If your BMI is under 19, you may find that you have irregular or no periods. This can indicate that you aren’t ovulating regularly. Aiming to increase your weight to within the healthy range is likely to help regulate your ovulation and periods, which improves your chance of conceiving.
You may find that joining a group programme that includes exercise and dietary advice for reaching and maintaining a healthy weight increases your chances of pregnancy.
Eating a healthy diet before pregnancy means that your body has adequate stores of vitamins and minerals. A nutritious, well-balanced diet includes eating a variety of the following foods.
Drink enough fluids every day, but limit your intake of caffeine-containing drinks, such as coffee, energy drinks and other fizzy drinks. Also try not to eat or drink too many foods that are high in sugar, salt or fat.
There are certain types of food that can increase your risk of food poisoning caused by bacteria. As well as making you ill, these bacteria can cause serious problems in your unborn baby. The Department of Health advises that women who are planning pregnancy, or who are pregnant, should not eat:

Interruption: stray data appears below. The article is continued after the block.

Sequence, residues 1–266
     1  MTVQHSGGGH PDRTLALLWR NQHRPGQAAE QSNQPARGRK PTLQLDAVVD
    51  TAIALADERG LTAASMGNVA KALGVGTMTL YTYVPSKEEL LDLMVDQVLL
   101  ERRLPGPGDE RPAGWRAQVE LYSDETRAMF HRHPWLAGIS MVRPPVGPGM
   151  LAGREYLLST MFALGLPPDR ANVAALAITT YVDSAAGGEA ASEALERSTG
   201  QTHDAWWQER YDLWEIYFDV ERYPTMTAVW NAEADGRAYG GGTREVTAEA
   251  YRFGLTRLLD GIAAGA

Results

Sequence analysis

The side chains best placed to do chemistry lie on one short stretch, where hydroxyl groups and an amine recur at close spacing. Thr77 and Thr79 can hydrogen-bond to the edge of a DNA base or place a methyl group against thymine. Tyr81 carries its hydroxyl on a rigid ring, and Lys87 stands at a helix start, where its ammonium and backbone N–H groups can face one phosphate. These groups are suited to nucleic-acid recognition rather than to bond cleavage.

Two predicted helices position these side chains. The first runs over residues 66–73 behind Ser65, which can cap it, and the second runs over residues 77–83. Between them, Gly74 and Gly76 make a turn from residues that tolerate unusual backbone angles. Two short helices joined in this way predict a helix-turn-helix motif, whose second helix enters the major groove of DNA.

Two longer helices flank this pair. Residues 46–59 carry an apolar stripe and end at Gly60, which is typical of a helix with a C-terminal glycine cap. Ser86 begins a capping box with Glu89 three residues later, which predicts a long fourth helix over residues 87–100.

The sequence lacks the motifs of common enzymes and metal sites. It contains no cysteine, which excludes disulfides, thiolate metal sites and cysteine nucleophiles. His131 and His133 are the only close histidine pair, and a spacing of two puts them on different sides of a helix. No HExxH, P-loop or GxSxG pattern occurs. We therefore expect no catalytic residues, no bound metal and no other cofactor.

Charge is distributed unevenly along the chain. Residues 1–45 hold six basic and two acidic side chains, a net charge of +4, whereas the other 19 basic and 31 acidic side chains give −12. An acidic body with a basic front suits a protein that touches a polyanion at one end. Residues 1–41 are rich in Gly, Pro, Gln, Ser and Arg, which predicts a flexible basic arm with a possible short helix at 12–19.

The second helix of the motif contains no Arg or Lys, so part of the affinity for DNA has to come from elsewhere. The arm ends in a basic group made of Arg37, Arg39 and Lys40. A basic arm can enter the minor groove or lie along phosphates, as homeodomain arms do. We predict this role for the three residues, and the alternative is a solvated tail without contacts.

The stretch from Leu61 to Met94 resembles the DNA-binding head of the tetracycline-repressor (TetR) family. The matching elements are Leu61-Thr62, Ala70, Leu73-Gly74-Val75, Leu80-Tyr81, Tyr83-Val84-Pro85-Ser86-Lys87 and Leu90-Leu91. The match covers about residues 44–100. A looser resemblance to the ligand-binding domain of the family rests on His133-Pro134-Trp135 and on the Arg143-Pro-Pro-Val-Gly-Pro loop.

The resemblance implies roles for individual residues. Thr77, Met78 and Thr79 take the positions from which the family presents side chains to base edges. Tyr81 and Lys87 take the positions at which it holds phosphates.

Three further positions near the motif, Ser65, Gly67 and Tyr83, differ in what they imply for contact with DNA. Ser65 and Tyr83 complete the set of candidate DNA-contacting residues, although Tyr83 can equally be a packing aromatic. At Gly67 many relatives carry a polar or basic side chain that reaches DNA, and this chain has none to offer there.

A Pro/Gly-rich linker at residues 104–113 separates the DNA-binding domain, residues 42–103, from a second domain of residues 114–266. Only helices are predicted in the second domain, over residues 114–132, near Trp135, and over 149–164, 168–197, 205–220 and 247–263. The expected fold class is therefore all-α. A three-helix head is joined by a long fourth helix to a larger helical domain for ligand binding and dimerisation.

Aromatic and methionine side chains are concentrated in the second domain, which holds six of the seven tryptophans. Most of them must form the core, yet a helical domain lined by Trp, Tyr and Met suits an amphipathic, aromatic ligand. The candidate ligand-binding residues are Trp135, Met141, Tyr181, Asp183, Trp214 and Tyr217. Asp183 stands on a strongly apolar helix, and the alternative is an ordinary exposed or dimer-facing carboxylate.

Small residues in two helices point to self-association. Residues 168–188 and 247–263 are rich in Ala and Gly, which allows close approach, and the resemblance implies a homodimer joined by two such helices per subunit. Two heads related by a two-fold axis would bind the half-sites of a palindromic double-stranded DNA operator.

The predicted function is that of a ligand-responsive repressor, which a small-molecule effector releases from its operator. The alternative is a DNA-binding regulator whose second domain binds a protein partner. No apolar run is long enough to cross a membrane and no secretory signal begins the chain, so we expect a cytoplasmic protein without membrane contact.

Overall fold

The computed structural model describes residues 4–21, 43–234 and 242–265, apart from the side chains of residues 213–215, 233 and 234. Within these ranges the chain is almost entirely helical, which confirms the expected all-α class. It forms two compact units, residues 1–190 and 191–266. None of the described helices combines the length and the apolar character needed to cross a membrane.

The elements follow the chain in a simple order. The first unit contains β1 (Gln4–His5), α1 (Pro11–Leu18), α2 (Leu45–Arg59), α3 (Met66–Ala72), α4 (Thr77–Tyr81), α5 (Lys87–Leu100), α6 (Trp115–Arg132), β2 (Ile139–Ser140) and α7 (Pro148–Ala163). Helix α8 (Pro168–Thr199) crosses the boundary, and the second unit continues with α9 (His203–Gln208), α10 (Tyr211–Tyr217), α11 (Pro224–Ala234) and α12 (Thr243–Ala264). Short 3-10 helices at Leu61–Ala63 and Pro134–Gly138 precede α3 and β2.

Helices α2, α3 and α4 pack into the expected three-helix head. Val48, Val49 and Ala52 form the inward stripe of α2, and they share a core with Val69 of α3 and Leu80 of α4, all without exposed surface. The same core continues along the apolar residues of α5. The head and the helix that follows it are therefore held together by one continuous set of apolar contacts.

There are other foods that you shouldn’t eat because of risks associated with substances found in them. Don’t eat the following foods when you're pregnant.
Previous advice from the Department of Health stated that you may choose not to eat peanuts during pregnancy because of the risk of allergy developing in your baby. However, newer research has led to this advice changing because there is no clear evidence that avoiding peanuts has any effect on whether your baby develops a peanut allergy.
You will be advised to take 400 micrograms (400µg) daily of folic acid from the time you stop contraception until week 12 of pregnancy.
Folic acid helps to prevent your baby developing serious problems of the brain and nerves (such as spina bifida). You may be at a higher risk of having a baby with spina bifida if you have had a previous pregnancy affected by it, or you have a family history of spina bifida. If you take medicines for epilepsy, have diabetes, coeliac disease or thalassaemia, your risk is also increased. If you’re affected by any of these, you may be advised to take a higher dose of folic acid, up to 5 milligrams (5mg) daily. Talk to your GP, who can prescribe you higher doses than you can buy over the counter.
Vitamin D is mainly produced in your body when your skin is exposed to sunlight. If you rarely spend time outdoors with your skin uncovered, you may be more at risk of vitamin D deficiency. The Department of Health recommends that all pregnant women take a daily supplement of 10 micrograms (10µg) of vitamin D.